Exome Sequencing of Two Siblings with Sporadic Autism Spectrum Disorder and Severe Speech Sound Disorder Suggests Pleiotropic and Complex Effects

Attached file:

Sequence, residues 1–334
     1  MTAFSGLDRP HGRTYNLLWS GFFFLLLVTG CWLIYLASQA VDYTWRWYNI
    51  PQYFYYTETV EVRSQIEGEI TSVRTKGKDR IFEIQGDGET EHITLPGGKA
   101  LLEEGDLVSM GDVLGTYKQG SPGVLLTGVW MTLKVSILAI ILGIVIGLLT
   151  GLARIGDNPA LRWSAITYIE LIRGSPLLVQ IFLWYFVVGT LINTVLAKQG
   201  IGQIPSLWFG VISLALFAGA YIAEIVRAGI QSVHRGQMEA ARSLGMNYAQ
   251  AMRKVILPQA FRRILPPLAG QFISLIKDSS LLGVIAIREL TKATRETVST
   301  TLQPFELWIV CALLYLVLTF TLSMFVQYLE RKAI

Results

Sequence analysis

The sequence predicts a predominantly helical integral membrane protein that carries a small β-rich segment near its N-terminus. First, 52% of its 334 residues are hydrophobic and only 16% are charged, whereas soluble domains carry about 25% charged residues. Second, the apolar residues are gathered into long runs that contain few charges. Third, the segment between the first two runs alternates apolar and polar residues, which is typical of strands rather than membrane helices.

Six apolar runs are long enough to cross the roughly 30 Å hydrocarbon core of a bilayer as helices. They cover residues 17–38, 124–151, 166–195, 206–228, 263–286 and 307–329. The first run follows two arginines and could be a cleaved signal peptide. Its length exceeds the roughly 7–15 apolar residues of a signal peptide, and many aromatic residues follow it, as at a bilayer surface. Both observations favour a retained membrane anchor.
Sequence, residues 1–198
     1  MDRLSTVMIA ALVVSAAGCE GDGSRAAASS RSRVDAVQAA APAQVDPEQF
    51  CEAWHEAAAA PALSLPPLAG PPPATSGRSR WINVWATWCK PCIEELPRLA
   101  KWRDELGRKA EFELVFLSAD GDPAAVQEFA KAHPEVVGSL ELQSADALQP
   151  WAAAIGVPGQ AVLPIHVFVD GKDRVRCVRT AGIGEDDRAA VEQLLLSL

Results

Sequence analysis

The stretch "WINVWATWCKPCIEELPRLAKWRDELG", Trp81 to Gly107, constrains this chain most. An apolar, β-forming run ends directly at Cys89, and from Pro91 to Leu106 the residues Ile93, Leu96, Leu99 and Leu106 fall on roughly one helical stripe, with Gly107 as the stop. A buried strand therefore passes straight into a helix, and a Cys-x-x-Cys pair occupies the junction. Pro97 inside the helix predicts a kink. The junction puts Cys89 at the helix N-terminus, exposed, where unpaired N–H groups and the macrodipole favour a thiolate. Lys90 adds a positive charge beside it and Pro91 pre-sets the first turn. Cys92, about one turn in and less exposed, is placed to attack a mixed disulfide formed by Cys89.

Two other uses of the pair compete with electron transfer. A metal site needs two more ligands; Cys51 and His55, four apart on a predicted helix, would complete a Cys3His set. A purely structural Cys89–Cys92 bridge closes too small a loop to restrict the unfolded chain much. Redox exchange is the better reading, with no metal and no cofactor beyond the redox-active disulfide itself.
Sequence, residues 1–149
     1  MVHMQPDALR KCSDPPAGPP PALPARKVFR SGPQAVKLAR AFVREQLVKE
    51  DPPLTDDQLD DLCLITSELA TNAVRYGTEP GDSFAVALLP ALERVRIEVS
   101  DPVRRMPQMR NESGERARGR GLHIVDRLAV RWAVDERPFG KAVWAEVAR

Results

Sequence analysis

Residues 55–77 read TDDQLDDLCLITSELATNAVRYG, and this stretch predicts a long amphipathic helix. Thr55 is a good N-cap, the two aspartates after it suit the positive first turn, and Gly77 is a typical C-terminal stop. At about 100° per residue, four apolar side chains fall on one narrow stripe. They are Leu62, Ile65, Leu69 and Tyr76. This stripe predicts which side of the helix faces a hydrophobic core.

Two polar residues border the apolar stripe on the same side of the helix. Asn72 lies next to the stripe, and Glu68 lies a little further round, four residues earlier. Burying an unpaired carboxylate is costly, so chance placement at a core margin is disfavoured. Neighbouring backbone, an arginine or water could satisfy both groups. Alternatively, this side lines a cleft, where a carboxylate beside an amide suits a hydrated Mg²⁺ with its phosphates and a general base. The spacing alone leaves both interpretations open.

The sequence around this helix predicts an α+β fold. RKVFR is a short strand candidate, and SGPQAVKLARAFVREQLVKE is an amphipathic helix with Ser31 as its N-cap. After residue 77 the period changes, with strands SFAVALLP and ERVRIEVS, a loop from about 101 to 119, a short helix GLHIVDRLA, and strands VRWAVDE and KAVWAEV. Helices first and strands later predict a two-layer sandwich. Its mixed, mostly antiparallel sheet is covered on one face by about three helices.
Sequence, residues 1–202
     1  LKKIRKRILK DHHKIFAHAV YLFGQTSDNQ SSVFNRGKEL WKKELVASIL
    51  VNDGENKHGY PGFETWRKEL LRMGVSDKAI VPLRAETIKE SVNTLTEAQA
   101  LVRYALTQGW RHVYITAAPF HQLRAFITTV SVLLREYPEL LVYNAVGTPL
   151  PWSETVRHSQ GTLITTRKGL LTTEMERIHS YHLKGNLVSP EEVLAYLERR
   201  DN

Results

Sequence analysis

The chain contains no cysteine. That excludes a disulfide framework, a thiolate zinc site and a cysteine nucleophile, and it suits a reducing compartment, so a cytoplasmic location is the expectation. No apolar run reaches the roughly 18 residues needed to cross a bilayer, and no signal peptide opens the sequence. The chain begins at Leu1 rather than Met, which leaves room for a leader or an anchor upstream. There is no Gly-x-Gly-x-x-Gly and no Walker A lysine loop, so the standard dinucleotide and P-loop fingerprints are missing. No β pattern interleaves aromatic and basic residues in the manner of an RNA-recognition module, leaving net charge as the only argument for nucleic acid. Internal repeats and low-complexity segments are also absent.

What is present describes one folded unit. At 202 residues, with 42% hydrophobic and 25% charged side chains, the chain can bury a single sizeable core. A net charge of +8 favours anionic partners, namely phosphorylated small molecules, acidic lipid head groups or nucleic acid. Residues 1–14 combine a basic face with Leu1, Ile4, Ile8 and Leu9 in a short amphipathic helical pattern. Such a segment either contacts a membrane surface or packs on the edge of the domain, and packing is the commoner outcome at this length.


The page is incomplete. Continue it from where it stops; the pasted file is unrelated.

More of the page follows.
Recent studies of autism spectrum disorder (ASD) and childhood apraxia of speech (CAS) have resulted in conflicting conclusions regarding the comorbidity of these disorders on phenotypic grounds. In a nuclear family with two dually affected and one unaffected offspring, whole-exome sequences were evaluated for single nucleotide and indel variants and CNVs. The affected siblings but not the unaffected sibling share a rare deleterious compound heterozygous mutation in WWOX, implicated both in ASD and motor control. In addition, one of the affected children carries a rare deleterious de novo mutation in the ASD candidate gene RIMS1. The two affected children but not their unaffected sibling inherited deleterious variants with relevance for ASD and/or CAS. WWOX, RIMS1, and several of the genes harboring the inherited variants are expressed in the brain during prenatal and early postnatal development. Results suggest compound heterozygosity as a cause of ASD and CAS, pleiotropic gene effects, and potentially additional, complex genetic effects.
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